RELADO: RELiable and ADaptive Opportunistic Routing Protocol for Wireless Mesh Networks

RELADO: RELiable and ADaptive Opportunistic Routing Protocol for Wireless Mesh Networks

Raffaele Bruno (Institute of Informatics and Telematics of Consiglio Nazionale delle Ricerche, Italy), Marco Conti (Institute of Informatics and Telematics of Consiglio Nazionale delle Ricerche, Italy) and Maddalena Nurchis (Institute of Informatics and Telematics of Consiglio Nazionale delle Ricerche, Italy)
DOI: 10.4018/jaras.2012070104
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Opportunistic routing is considered as one of the most promising techniques to effectively limit performance degradation in wireless mesh networks caused by unpredictable channel variations and high loss rates. This paradigm defers the selection of the next hop after the packet reception to take advantage of any opportunity provided by broadcast transmissions. Most of the existing opportunistic approaches base the forwarder selection on end-to-end principles. However, in multi-hop wireless environments the cost of a path is not uniformly distributed over space, nor constant over time, hence even two equal-cost paths might present significantly different link quality distributions one from the other. This encourages the use of localized context to implement a more accurate selection of the possible forwarders after each packet transmission. Hence, in this paper the authors propose RELADO, an adaptive opportunistic routing protocol able to efficiently combine end-to-end with local information to ensure transmission resilience across the network. With this flexibility, RELADO is able to reduce packet loss by ensuring the best trade-off between throughput maximization and packet progress. An extensive set of ns2 simulations confirms the potentiality of RELADO to improve network performance when compared to both legacy unicast and opportunistic routing protocols.
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Wireless multi-hop networks are comprised of devices that cooperatively relay packets for other devices, ensuring communication between any non-adjacent source-destination pair (Conti et al., 2007). This paradigm has been applied to many different domains, leading to the deployment of various types of networks (e.g., sensor networks, vehicular networks, etc.). Nowadays, Wireless Mesh Networks (WMNs) are one of the most attracting applications of this networking paradigm, due to their inherent capability to reduce the cost and complexity of network deployment, configuration and maintenance. Indeed, a set of static Mesh Routers automatically forms and maintains a wireless backbone, which constitutes the infrastructure responsible for guaranteeing multi-hop communications within the network. Any static or mobile user (also called Mesh Client) can easily connect to the backbone by establishing a communication link with a nearby mesh router through any technology available at both nodes (e.g., Ethernet, 802.11, etc.). Then, each mesh client uses the multi-hop wireless backbone to connect with other mesh clients. In addition, a few mesh routers, called Mesh Gateways, are also connected to the Internet, enabling the mesh backbone to easily extend the coverage provided by the gateways to all the mesh clients (Akyildiz et al., 2005). In fact, wireless mesh networks have been originally conceived as a low-cost wireless extension of existing infrastructure-based wired networks. However, nowadays the foresee application scenarios for WMNs include several different cases, such as public safety communications, community-based networks, and on-demand communication systems for first responders (Bruno et al., 2005).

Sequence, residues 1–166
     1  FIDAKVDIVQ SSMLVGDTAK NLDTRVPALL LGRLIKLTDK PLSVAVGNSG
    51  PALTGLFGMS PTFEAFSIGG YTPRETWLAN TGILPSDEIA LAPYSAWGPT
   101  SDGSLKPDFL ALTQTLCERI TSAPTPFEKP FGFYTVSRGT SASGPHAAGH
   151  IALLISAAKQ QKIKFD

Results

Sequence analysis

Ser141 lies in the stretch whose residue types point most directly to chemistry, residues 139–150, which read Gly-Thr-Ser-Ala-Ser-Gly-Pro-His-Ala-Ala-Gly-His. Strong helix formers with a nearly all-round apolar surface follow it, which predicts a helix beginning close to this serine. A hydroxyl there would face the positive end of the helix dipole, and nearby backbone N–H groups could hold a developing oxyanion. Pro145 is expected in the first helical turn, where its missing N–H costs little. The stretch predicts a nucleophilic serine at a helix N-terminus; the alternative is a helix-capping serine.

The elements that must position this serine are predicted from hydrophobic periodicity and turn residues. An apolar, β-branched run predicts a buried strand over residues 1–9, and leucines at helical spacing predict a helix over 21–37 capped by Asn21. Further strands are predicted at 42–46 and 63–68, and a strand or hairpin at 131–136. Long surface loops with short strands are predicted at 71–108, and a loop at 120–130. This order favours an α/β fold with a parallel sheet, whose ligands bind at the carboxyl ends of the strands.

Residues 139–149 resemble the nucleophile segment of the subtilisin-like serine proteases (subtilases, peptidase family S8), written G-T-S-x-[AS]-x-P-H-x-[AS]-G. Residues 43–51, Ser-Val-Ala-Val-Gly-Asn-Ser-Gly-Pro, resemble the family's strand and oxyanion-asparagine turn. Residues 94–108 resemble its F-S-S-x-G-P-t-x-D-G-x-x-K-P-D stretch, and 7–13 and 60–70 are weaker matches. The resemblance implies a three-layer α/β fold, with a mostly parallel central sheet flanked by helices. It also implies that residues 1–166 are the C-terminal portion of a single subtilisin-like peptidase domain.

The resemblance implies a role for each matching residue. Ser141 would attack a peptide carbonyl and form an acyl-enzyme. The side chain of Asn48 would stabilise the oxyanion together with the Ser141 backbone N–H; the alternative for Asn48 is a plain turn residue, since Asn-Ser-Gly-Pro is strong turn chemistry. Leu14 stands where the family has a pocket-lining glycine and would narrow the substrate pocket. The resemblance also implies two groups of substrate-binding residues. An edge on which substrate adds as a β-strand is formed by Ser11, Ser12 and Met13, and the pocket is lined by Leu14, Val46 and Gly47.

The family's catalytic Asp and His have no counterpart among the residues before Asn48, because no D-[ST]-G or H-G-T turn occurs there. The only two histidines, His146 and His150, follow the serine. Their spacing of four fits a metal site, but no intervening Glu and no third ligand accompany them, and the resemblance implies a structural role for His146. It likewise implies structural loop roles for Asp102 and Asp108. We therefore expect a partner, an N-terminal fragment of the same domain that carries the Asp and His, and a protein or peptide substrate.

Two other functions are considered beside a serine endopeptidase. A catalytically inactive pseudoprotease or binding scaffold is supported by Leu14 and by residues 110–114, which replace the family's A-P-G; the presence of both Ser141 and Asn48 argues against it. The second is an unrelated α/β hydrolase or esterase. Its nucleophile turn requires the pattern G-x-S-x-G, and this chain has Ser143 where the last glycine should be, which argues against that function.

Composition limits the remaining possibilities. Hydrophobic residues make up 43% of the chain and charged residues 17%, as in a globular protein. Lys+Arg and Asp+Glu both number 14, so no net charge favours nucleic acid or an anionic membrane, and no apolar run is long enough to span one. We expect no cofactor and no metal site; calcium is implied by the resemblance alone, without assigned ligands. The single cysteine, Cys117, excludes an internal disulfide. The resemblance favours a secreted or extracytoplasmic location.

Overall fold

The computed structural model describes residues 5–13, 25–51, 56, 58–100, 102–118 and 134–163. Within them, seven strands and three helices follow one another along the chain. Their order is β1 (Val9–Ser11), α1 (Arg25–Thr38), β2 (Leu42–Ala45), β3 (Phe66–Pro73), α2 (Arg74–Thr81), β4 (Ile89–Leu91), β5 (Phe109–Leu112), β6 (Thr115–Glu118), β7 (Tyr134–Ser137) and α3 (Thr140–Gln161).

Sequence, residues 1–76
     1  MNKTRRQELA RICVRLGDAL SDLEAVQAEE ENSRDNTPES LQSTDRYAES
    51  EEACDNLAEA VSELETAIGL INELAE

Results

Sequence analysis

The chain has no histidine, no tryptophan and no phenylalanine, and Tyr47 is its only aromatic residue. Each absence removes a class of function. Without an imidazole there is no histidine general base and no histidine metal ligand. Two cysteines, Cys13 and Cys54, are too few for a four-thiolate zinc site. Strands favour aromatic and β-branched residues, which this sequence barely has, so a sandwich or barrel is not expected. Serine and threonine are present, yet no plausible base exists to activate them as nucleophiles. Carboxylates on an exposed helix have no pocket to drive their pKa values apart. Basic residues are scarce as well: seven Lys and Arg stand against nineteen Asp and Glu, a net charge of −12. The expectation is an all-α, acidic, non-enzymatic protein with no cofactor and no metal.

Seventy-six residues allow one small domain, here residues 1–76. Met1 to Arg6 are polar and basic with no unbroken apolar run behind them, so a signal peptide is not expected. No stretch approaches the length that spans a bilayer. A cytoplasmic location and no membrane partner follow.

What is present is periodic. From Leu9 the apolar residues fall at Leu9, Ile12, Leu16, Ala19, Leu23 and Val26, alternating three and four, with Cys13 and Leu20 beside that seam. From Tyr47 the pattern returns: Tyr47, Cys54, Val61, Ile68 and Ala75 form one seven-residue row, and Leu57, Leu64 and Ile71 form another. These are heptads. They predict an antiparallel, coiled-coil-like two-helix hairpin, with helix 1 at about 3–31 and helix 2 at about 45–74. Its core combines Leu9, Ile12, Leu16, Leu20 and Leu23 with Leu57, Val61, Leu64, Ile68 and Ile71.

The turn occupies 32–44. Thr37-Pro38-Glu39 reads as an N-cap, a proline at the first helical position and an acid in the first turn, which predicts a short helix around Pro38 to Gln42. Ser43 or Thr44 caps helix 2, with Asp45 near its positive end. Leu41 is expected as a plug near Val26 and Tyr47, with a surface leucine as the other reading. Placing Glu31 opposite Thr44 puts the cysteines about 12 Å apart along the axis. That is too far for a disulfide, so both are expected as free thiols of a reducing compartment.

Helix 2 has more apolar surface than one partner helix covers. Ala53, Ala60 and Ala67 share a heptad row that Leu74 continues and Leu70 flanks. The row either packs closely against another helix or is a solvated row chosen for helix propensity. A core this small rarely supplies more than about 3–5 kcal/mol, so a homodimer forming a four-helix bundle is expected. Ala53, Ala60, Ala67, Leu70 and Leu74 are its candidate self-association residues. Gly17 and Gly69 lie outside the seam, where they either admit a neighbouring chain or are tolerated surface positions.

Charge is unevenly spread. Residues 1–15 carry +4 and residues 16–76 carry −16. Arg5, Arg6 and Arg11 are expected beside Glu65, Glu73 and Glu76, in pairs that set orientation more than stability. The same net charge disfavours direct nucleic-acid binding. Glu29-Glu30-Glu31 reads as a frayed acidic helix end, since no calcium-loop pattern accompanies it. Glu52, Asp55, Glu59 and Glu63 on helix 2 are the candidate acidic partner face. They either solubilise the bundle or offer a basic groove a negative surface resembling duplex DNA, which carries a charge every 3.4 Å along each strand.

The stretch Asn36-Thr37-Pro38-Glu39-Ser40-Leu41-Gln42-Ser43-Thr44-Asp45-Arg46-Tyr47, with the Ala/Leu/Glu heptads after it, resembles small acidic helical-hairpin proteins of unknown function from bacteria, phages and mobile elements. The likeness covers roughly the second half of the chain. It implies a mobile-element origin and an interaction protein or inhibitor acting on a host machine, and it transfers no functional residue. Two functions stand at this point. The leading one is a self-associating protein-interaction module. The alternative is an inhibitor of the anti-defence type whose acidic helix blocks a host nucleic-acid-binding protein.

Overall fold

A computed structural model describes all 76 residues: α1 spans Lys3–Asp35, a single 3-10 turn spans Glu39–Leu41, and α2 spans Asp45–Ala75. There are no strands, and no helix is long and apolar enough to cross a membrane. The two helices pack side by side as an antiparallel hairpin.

The attractive features of wireless mesh networks, such as self-organization, low up-front cost and ease of incremental deployment (Karrer et al., 2004), have stimulated a large body of work in the research community and in the standardization groups of different wireless technologies (e.g., 802.11s, 802.11e, etc.). Routing protocols design is one of the fundamental aspects to be considered in order to guarantee robust and low-overhead communications through the mesh backbone. The most intuitive approach to develop solutions for such networks is the application of the routing paradigm originally designed for the wired domain, that is, the selection of the minimum-cost path between a source and a destination (Clausen et al., 2003; Perkins et al., 2003). This choice implies a point-to-point link abstraction and relies on the assumption that link-layer retransmissions can effectively deal with packet losses. Although this approach has been the first attempt to make wireless mesh networks a reality, it has recently revealed its limitations when dealing with unreliability and unpredictability of wireless transmissions. Indeed, wireless medium is intrinsically broadcast, thus concurrent packet transmissions may potentially interfere with each other, leading to severe performance degradation due to the high channel contention. In addition, channel conditions may significantly change both in time and space, making a pre-determined path ineffective in providing a resilient communication (Biswas et al., 2005; Camp et al., 2006; Chachulski et al., 2007; Ramachandran et al., 2007). Indeed, despite the static nature of mesh routers, the high variability of link quality may cause topology and routes instability similarly as mobility in Mobile Ad hoc Networks (aka MANETs). In addition, particular network conditions may exacerbate this instability. For instance, very challenged environments are typical in applications such as disaster recovery and emergency situations, where WMNs are foreseen to be a key technology to substitute legacy infrastructure-based communication systems (e.g., cellular networks). However, also unplanned deployments of community-based networks make very difficult to guarantee high quality and stable wireless links between mesh nodes. Hence, a great deal of effort has been made in the development of more robust and resilient routing paradigms for WMNs.